This is a very well researched book with many references and footnotes.. It is written clearly and rationally which makes it easily accessible for most people to read and understand. Many other scientists have been involved in sharing their research to clarify points, and others to read and comment on chapters to retain the integrity of the issues.
It will come as no surprise to readers to learn that diseases, weeds and people are evolving, some more rapidly than others. The drugs we use affect various viruses and bugs, helping them to reinvent themselves to survive. The author examines some diseases that we are “actively trying to beat back, from agricultural pests to life threatening bacteria”
The first chapter deals with the invention, and need for antibiotics, and their gradual overuse More and more we are seeing the resistance to antibiotics of all kinds, and concede that we have contributed to the rise of the super bug. “’Unlike us bacteria share genes with siblings, friends and neighbours. This horizontal gene transfer provides bacteria with an unimaginably deep and interconnected gene pool” ”In the USA 37 million pounds of antibiotics are consumed” This doesn’t include those given to animals.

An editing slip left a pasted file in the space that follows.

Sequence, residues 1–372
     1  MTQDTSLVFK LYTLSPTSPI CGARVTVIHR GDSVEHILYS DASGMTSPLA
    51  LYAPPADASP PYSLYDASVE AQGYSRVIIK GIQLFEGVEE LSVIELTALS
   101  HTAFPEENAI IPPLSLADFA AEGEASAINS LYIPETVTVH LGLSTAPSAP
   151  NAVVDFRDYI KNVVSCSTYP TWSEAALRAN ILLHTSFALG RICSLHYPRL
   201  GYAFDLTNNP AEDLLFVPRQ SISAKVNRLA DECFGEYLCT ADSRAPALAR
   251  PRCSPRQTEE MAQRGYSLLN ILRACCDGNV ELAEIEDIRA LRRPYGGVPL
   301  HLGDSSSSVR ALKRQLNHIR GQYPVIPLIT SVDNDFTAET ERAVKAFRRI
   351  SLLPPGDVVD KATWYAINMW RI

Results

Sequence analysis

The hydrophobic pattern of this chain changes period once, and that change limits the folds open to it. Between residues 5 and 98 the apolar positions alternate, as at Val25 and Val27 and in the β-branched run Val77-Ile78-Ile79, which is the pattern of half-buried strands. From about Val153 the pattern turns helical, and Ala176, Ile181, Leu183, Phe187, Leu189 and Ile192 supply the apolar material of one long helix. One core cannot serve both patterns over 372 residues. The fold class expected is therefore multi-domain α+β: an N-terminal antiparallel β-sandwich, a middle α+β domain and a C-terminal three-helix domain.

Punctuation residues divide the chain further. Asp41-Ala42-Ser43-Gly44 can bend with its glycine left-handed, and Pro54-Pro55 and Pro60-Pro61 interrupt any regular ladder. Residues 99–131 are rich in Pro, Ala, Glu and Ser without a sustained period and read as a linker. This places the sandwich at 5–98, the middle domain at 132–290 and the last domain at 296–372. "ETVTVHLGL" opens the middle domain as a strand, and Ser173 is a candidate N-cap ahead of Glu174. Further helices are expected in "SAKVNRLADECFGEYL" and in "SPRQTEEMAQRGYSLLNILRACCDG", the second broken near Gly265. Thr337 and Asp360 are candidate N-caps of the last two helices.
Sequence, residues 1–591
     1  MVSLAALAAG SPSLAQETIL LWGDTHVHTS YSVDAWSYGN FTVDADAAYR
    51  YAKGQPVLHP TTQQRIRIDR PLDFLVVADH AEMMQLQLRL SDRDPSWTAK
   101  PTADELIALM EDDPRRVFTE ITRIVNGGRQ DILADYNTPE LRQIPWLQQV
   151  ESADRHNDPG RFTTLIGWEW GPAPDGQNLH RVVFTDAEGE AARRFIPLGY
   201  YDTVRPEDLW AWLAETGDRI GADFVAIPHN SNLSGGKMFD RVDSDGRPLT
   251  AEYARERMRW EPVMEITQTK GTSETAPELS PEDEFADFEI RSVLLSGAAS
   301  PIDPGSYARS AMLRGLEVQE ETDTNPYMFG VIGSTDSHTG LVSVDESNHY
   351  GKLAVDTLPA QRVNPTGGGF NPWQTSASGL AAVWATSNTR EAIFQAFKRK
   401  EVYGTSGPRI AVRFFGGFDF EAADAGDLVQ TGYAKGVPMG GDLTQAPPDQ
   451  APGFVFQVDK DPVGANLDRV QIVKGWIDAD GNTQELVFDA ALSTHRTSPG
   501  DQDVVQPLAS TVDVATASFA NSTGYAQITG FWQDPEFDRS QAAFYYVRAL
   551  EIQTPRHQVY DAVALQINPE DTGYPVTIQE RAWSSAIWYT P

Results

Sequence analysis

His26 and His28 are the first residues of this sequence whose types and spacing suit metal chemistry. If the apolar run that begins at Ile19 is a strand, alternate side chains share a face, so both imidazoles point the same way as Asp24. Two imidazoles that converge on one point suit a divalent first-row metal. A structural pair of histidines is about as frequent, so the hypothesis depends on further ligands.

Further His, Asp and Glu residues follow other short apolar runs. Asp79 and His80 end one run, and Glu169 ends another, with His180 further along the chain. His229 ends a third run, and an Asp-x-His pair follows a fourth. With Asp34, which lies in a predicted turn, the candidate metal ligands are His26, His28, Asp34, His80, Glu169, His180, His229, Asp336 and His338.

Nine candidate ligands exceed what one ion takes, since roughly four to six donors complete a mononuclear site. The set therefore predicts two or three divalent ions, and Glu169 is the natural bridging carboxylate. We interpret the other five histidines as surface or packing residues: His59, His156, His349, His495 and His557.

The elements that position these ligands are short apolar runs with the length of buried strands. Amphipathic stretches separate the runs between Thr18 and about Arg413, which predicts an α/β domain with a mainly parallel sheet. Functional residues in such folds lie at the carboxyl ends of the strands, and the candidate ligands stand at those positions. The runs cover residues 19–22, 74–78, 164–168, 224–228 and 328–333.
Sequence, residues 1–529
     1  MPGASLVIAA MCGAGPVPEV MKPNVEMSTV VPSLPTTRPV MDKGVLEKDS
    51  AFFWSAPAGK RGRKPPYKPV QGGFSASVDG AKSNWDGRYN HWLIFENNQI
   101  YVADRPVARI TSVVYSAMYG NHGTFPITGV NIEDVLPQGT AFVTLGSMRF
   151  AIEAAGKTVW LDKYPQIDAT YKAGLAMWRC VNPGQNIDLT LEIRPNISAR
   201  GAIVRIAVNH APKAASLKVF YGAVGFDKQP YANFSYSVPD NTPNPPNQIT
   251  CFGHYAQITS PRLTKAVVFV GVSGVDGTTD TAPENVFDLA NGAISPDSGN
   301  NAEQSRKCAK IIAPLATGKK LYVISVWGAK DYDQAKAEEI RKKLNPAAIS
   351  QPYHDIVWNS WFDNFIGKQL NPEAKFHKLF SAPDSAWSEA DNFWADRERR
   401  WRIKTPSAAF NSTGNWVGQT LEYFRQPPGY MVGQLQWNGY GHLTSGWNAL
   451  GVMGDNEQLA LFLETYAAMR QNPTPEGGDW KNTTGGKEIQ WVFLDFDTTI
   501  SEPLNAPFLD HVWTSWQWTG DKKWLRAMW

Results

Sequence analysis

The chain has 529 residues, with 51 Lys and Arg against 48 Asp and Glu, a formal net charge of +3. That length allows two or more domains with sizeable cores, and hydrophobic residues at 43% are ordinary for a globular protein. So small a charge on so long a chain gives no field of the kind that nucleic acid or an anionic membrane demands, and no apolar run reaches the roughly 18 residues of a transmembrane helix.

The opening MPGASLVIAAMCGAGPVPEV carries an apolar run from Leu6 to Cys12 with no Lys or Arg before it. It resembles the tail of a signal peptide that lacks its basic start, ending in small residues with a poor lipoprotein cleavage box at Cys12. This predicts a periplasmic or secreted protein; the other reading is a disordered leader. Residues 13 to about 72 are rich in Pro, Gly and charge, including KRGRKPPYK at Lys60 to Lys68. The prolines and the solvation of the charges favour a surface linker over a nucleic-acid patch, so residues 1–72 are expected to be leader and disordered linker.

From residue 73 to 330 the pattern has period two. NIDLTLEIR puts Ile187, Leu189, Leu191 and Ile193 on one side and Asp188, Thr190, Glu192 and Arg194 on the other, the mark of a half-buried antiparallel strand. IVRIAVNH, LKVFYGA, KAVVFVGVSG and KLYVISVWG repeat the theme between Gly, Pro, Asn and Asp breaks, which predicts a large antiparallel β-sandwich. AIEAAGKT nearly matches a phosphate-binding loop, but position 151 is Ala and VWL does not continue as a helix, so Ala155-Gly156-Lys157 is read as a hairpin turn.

Future prospects suggest that “living things have a deep well of genetic variability to draw upon” This will help us in the fight against resistance to antibiotics and pesticides, but will not help fight against synthetic chemicals.
The author suggests the study of : “Epigenetics may provide an opportunity for differences in gene expression” and is an avenue to explore for our future. However, we have to be aware that pollution and overuse of drugs will continue to challenge our health and society.
This is a fascinating book to read, certainly for anyone with an eye to the future and the development of societies. It gives a great overview of the historical development of drugs and their use over time.